Man’s best friend patrols beside Marines

21 Oct 2005 | Cpl. Adam C. Schnell

The use of Dogs as guardians of military camps to protect against surprise attacks dates back to ancient Egypt. Today, dogs are not only guarding bases but also patrolling with Marines of 3rd Battalion, 1st Marine Regiment in Iraq.

Sergeant James J. Wasmer, a Chatham, Mass. native, and his search dog, Euro, are one K-9 team busy doing weapons caches sweeps and entry control point searches to keep citizens of Iraq and Marines safe. Recently the team conducted a sweep with the battalion’s Company L to look for weapons caches and other explosives that might be in the area.

“We didn’t find any weapons caches, but we did find an AK-47 during the sweep,” commented Wasmer, a military working dog handler.

To be ready for missions like the ones they are currently involved in, the handler the dog must go through extensive training. The teams go through a training cycle at Lackland Air Force Base, Texas lasting 60 to 90 days, depending on the dog, said Wasmer.

“They are taught to associate a scent with a treat or toy when searching for explosives,” he said. “When they smell an explosive, they sit.”

For the handler, an extra four months after military police school is spent in a military working dog course at the Air Force base. They learn how the dogs are trained and how to be one of the few in the unique job field.

“When I heard that I could be a dog handler for the Marine Corps, I jumped at the chance because it sounded like a really cool job to have,” said the 1995 graduate of Chatham High School. “I always liked dogs and thought it would give me a chance to do something besides basic MP things.”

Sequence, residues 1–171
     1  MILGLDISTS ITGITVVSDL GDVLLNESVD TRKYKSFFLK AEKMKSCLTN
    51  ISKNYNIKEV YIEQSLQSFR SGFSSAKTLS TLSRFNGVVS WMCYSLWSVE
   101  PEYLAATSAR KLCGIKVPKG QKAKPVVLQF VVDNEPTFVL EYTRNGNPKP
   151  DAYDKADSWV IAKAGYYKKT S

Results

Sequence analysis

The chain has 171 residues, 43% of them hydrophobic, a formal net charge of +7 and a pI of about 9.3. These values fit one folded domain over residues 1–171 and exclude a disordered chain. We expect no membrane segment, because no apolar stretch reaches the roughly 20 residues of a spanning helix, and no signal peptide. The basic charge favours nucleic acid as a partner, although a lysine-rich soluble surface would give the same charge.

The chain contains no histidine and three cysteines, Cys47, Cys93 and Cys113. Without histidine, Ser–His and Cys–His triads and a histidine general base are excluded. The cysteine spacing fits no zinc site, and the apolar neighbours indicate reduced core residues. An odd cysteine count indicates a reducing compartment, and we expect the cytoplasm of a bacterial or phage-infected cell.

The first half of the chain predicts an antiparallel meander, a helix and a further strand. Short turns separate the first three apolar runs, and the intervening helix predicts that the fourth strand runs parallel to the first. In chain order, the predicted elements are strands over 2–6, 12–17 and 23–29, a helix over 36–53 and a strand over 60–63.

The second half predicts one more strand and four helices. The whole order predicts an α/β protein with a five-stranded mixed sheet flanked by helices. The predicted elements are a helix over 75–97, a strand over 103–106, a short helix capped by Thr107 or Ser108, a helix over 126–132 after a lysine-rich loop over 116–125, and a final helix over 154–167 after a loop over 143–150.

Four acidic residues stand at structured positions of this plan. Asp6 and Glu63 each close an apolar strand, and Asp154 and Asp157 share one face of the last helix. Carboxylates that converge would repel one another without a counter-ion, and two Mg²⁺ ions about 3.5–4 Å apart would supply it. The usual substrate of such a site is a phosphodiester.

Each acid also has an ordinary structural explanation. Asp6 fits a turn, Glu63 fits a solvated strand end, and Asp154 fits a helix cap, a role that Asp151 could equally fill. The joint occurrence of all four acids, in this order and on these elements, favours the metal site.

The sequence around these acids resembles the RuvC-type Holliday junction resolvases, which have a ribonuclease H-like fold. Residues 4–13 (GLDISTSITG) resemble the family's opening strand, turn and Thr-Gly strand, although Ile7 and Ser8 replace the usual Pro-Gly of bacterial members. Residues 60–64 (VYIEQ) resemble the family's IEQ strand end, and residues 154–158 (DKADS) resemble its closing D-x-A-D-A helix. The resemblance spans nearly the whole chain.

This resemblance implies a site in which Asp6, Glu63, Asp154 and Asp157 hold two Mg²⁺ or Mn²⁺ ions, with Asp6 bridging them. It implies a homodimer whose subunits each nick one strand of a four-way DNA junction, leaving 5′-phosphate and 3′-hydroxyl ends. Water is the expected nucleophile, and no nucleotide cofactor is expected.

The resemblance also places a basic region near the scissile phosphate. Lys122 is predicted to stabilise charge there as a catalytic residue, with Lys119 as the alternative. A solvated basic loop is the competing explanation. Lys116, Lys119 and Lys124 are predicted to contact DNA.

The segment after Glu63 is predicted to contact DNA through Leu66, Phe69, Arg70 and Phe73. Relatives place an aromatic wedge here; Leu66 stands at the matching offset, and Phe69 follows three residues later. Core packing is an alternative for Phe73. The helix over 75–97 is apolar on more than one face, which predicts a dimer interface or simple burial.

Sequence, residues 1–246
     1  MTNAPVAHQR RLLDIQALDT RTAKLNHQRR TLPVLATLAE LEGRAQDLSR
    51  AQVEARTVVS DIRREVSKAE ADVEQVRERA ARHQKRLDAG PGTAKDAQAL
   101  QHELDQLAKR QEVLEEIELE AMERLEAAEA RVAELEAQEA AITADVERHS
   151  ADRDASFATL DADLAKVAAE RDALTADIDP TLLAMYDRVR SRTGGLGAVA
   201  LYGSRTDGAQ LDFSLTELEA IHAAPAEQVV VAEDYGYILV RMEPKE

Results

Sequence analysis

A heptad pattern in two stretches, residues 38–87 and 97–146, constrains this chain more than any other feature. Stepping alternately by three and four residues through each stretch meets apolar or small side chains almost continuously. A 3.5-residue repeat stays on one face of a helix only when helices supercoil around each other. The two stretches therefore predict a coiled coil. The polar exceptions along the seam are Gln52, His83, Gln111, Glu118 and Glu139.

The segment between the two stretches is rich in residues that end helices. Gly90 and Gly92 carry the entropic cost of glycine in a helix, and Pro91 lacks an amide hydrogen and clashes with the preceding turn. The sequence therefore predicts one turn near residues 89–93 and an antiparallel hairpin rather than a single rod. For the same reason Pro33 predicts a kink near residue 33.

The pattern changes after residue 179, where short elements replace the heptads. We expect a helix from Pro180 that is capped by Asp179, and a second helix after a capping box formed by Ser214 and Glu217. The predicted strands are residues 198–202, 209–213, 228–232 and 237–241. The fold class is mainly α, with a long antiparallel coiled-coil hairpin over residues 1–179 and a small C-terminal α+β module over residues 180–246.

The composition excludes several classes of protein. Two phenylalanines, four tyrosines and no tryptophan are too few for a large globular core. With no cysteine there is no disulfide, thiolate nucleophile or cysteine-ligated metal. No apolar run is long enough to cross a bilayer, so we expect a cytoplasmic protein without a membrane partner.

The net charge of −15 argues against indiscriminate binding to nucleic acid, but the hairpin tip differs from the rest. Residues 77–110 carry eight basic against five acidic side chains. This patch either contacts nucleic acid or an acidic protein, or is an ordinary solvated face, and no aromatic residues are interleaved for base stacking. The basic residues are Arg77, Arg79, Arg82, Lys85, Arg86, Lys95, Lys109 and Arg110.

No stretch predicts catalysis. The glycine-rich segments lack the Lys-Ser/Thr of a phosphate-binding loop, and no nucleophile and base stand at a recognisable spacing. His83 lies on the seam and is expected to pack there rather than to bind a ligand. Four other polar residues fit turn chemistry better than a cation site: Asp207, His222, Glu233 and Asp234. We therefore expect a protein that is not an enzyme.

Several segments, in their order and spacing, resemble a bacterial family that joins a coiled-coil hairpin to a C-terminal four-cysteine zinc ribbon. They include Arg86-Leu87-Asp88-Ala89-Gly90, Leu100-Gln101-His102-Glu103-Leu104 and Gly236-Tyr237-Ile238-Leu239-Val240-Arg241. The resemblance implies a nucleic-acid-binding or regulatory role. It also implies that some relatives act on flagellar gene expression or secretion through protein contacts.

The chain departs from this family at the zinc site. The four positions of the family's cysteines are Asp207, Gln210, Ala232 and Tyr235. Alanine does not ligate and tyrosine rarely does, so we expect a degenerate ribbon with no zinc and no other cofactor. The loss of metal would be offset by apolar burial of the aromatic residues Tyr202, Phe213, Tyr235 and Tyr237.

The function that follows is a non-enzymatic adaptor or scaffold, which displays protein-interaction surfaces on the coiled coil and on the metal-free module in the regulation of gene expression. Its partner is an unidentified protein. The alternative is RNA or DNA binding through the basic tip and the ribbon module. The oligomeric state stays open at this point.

Even though being a dog handler is a rewarding and unique job field in the Marines, there is a lot of extra work involved. When deployed, they live with the dogs and care for them 24 hours a day.

“It is almost like having a two year-old around all the time,” said Wasmer, chuckling. “They are very demanding and it is a seven-day-a-week job, even in the rear.”

In the rear, meaning at bases in the United States, is where he has spent almost seven years working with dogs searching vehicles at the gates and on bases for drugs and explosives. He has spent the last eight months in Iraq and his job has changed a lot.

“We do improvised explosive device hunts and continuing to work sweeping areas for weapons caches,” he commented.

With Marine and Air Force specialized military search dog teams operating on different military bases in Iraq, the dogs are being used more and more. According to Wasmer, the dogs were not always used in deployed areas.

“They tried using the dogs for the same reason back in 1991, but it didn’t work that well,” he said. “So when [Operation Iraqi Freedom] came around, the Marine Corps decided to try and use the dogs again.”

Wasmer does not just use Euro to patrols with the Marines of the 3rd Battalion, 1st Marines. When he is not on a mission, he walks the dog around the camp to let Marines pet and play with him.

“It is a really great morale booster for the Marines,” he said.  “It reminds some of them of home. They always say to me how much they miss their dogs back home.”